I’m not sure how best to handle all of this aggressive behavior. I’ve tried talking with them before hand, explaining to them to play nice and not hit. But in the heat of the moment, all the rules go out the window. My saving grace with Evie is that she’s so much bigger than him that he doesn’t do much damage. But when I caught him shoving her in the trampoline, I immediately told them to get out. I threatened him with a spank if he wouldn’t come out, then followed through when I had to crawl in there and pull him out. It’s not my favorite form of discipline – it seems contradictory to teach him to stop hitting people by hitting him on the behind – but sometimes he needs a shock to snap him out of his screaming fit. Thankfully he doesn’t get physical with his other friends, probably because we only spend an hour or two with them at a time. Something about spending an entire weekend with his cousin brings out the pugilist in him. He’s also so unaccustomed to having someone else to argue with all day because he’s an only child. Evie is practically like an older sister to him, albeit much nicer to him than a sibling would probably be.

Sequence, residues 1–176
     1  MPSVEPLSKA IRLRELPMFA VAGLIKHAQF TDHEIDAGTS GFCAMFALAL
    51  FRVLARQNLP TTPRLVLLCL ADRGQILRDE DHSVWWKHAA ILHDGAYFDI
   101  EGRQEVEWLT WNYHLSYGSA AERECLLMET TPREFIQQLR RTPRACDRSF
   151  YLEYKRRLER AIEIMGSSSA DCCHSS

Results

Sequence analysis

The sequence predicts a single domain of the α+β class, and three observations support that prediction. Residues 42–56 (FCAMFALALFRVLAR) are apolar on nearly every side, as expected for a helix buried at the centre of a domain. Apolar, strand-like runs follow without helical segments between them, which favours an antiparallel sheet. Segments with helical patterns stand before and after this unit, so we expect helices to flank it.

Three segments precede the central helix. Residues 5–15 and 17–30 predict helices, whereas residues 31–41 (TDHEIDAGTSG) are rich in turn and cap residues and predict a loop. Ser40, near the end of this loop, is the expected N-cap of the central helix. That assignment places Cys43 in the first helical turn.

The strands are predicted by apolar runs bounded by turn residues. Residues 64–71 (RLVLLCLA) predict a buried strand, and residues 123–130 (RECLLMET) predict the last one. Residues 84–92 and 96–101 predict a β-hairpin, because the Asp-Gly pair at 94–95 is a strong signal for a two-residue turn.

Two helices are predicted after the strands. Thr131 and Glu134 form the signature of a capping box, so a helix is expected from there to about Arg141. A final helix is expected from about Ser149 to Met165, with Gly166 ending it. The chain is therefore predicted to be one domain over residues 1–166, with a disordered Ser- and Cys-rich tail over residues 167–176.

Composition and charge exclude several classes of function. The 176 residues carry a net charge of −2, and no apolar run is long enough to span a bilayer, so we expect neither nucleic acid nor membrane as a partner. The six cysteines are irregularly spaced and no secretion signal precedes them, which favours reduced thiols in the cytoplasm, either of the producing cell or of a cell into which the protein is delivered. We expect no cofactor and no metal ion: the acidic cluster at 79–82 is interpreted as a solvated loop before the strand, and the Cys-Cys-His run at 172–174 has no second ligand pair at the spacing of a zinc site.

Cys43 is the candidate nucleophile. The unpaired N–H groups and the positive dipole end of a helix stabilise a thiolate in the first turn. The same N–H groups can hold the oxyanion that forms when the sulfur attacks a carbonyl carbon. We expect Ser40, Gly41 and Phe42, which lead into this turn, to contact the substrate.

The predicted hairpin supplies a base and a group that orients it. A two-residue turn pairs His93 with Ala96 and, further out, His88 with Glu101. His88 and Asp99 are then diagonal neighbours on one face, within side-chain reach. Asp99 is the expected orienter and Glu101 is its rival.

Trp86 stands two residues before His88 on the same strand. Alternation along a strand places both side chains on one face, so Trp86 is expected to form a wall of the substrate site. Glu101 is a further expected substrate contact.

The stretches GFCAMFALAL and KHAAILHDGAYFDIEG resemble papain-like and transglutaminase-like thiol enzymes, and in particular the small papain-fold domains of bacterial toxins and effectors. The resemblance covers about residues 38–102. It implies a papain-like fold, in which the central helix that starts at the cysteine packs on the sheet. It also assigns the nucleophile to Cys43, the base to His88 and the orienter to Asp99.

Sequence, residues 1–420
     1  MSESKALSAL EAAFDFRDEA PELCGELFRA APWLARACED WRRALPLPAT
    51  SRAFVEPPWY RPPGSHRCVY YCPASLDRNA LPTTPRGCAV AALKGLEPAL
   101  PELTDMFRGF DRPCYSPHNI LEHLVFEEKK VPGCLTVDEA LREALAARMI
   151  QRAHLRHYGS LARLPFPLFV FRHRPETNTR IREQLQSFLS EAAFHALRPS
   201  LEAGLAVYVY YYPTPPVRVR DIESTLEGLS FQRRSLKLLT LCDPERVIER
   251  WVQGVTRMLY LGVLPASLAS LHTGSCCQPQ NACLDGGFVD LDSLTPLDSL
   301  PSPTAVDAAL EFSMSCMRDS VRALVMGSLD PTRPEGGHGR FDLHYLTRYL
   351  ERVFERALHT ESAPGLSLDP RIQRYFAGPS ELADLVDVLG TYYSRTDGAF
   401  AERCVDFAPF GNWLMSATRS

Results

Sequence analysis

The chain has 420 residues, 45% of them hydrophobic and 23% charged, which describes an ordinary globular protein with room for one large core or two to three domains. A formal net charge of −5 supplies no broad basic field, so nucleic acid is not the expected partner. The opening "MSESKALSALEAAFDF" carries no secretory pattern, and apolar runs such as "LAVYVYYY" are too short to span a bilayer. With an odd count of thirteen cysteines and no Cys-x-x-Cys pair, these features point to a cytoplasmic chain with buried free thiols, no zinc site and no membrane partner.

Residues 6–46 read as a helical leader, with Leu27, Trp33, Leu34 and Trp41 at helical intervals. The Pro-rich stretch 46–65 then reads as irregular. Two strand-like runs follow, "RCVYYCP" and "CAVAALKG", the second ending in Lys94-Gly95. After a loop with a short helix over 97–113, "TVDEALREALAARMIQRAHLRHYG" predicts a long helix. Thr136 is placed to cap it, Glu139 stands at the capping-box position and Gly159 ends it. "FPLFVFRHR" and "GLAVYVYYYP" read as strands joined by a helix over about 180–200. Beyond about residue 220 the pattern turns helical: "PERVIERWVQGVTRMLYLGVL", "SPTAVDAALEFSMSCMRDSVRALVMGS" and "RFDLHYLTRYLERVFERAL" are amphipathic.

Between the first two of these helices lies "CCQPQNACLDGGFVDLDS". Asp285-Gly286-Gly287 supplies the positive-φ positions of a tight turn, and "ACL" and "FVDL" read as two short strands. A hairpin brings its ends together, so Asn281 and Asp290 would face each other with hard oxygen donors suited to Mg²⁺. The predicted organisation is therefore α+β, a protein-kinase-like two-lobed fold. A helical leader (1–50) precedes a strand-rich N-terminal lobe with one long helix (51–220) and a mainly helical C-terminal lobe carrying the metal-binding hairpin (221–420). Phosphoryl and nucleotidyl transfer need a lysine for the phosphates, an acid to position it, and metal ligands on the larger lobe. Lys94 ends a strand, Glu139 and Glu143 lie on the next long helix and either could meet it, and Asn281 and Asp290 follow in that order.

Our other point of contention is saying goodbye. Whenever his cousins have to leave I’m faced with huge tantrum about it. He does this on play dates with friends, too, though usually only when they come to our house. I’ve tried giving him warnings, I’ve tried getting him to finish up what he’s doing before they go. He seems particularly upset when his play is interrupted. For this trip I decided we’d do something special – we settled on pie at The Village Inn. I told him after Evie and Milo left, we’d go and get his special treat. I talked it up all morning. As they were playing, I gave him a 15-minute warning, and reminded him what I expected from him. No crying, give Evie a hug and thank her for coming. We went over it several times. He agreed that was what he was going to do. Then he had a one-minute warning, and he started to break down. I reminded him what was at stake – PIE, Liam! Pie! I even told him we could change it to something else – a trip to the World Treasures Museum, or maybe we could bake cookies. I told them they could jump 10 more times in the trampoline. Evie happily counted to ten while she jumped, but Liam started wailing in the corner. As soon as Evie left the trampoline, he was in the throes of a full on fit. True to my word, I said no pie, no trips, no special activity today. Jill and the kids left, and I was so angry that James had to come down and calm the boy. Ten minutes later he was contentedly playing in his room, and he’s been on his best behavior ever since.